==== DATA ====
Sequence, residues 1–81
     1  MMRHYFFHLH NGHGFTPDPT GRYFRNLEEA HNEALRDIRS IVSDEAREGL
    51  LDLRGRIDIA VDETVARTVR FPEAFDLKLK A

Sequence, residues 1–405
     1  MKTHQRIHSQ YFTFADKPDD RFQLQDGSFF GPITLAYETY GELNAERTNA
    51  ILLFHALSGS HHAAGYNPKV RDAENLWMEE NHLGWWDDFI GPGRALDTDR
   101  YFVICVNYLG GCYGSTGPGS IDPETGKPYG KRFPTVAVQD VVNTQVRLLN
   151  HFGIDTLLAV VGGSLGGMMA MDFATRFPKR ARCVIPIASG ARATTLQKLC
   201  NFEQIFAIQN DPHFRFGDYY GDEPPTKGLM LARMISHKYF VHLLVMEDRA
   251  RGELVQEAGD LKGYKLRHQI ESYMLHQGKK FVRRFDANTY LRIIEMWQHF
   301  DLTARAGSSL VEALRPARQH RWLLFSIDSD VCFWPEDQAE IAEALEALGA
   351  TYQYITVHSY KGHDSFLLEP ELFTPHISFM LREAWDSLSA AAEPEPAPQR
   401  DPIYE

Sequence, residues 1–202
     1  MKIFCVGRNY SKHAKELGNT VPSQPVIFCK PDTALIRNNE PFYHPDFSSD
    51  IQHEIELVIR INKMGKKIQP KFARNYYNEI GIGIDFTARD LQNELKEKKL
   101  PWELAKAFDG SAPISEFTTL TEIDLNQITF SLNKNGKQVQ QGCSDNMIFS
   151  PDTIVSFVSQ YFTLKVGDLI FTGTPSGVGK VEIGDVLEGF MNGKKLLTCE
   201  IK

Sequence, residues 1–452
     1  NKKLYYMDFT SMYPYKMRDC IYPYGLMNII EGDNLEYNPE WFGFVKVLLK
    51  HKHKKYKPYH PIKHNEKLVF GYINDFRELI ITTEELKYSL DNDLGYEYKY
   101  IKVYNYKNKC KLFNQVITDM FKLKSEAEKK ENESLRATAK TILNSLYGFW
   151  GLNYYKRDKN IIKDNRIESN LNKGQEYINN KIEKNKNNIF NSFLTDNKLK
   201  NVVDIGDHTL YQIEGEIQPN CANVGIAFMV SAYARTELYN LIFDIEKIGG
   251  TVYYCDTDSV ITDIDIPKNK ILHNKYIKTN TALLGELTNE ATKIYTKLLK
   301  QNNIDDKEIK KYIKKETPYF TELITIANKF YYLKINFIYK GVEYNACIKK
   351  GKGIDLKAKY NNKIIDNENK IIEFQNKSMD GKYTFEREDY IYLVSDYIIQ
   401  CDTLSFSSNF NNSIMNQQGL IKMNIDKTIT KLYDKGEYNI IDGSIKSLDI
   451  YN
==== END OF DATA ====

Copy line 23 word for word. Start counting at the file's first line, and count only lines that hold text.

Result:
   101  IKVYNYKNKC KLFNQVITDM FKLKSEAEKK ENESLRATAK TILNSLYGFW